This week’s RSM Classic is Cook’s fourth start on Tour, and rounds of 66-62 secured his fourth made cut of the young season. More importantly, his 14-under total moved him into the lead at Sea Island Resort.

“I really think that a couple years ago, the experience that I have had, I think I've played maybe 10 events, nine events before this season,” Cook said. “Being in contention a few times and making cuts, having my card has really prepared me for this.”


RSM Classic: Articles, photos and videos

Full-field scores from the RSM Classic


Cook has been perfect this week at the RSM Classic and moved into contention with four consecutive birdies starting at No. 13 (he began his round on the 10th hole of the Seaside course). A 6-footer for birdie at the last moved him one stroke clear of Brian Gay.

In fact, Cook hasn’t come close to making a bogey this week thanks to an equally flawless ball-striking round that moved him to first in the field in strokes gained: tee to green.

If Cook has played like a veteran this week, a portion of that credit goes to long-time Tour caddie Kip Henley, who began working for Cook during this year’s Web.com Tour finals.

“He’s got a great golf brain,” Henley said. “That’s the most flawless round of golf I’ve ever seen.”

Cook fires 62 for one-shot lead at RSM Classic

By Associated PressNovember 17, 2017, 10:26 pm

ST. SIMONS ISLAND, Ga. – PGA Tour rookie Austin Cook made a 6-foot birdie putt on his final hole for an 8-under 62 and a one-shot lead going into the weekend at the RSM Classic.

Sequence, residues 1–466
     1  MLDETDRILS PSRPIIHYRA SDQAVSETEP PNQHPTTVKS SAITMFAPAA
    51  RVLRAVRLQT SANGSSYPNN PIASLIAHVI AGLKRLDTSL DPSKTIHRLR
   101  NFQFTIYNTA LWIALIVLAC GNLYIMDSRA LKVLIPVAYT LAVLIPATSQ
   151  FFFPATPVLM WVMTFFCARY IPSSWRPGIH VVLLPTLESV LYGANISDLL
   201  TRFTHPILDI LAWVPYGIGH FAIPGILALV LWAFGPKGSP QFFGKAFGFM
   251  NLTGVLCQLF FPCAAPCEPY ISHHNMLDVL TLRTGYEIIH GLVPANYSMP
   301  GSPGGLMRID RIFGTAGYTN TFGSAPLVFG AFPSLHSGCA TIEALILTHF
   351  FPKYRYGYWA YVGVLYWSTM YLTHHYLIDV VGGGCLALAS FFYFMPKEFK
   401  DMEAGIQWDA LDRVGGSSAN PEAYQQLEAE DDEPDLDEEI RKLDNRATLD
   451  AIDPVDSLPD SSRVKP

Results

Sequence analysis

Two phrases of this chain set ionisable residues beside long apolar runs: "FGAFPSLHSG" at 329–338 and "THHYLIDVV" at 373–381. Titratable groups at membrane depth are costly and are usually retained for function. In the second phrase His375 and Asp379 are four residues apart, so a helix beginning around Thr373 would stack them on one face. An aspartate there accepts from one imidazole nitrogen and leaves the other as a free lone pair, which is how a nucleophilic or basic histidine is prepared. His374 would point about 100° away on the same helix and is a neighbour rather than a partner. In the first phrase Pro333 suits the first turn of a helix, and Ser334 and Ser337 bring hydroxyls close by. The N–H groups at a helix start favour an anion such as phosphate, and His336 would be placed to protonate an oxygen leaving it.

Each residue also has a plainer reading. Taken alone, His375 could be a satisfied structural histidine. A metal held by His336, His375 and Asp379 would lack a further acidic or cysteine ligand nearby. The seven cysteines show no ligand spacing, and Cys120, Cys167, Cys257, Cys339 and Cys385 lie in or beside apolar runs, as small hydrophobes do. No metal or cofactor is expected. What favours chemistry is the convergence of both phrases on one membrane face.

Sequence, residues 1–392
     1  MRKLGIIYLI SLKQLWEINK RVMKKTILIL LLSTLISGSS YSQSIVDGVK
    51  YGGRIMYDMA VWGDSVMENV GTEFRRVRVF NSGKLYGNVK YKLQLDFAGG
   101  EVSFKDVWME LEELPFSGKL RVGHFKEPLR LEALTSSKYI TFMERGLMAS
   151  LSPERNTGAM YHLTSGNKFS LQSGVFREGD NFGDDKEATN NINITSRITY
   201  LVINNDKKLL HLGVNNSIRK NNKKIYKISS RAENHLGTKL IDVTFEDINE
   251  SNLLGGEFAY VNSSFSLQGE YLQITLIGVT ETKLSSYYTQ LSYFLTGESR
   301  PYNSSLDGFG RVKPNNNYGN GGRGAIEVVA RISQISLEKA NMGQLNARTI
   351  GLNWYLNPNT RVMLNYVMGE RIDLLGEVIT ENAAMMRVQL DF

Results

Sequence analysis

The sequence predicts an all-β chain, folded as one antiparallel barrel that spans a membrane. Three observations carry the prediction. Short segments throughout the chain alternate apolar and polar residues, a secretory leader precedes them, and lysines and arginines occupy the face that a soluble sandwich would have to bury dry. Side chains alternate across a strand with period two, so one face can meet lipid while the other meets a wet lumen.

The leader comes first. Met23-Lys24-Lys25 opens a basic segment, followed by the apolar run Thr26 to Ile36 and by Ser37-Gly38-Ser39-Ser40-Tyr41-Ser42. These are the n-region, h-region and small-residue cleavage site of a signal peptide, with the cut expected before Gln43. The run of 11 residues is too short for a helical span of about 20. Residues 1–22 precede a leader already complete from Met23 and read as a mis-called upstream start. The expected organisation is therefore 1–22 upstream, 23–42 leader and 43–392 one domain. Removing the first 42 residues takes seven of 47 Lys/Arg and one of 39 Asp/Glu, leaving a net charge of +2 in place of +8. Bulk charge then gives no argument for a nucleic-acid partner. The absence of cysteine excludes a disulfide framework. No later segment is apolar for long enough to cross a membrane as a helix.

Cook has gone 36 holes without a bogey on the Plantation and Seaside courses at Sea Island Golf Club. He played Seaside - the site of the final two rounds in the last PGA Tour event of the calendar year - on Friday and ran off four straight birdies on his opening nine holes.

''We've just been able to it hit the ball really well,'' Cook said. ''Speed on greens has been really good and getting up-and-down has been great. I've been able to hit it pretty close to the hole to make some pretty stress-free putts. But the couple putts that I have had of some length for par, I've been able to roll them in. Everything's going well.''

The 26-year-old former Arkansas player was at 14-under 128 and had a one-stroke lead over Brian Gay, who shot 64 on Seaside. No one else was closer than five shots going into the final two rounds.

The 45-year-old Gay won the last of his four PGA Tour titles in 2013.


RSM Classic: Articles, photos and videos

Full-field scores from the RSM Classic


''I've hit a lot of greens and fairways,'' Gay said. ''I've hit the ball, kept it in front of me. There's a lot of trouble out here, especially with the wind blowing, so I haven't had to make too many saves the first couple days and I putted well.''

Cook has made the weekend cuts in all four of his starts this season. He earned his PGA Tour card through the Web.com Tour, and has hired Gay's former caddie, Kip Henley.

''With him being out here so long, he knows everybody, so it's not like I'm completely the new kid on the block,'' Cook said. ''He's introduced me to a lot of people, so it's just making me feel comfortable out here. He knows his way around these golf courses. We're working really well together.''

First-round leader Chris Kirk followed his opening 63 on the Plantation with a 70 on the Seaside to drop into a tie for third at 9 under with C.T. Pan (65) and Vaughn Taylor (66).

Brandt Snedeker is looking strong in his first start in some five months because of a sternum injury. Snedeker shot a 67 on the Plantation course and was six shots back at 8 under.

''I was hitting the ball really well coming down here,'' Snedeker said. ''I was anxious to see how I would hold up under pressure. I haven't played a tournament in five months, so it's held up better than I thought it would. Ball-striking's been really good, mental capacity's been unbelievable.

''I think being so fresh, excited to be out there and thinking clearly. My short game, which has always been a strength of mine, I didn't know how sharp it was going to be. It's been really good so far.''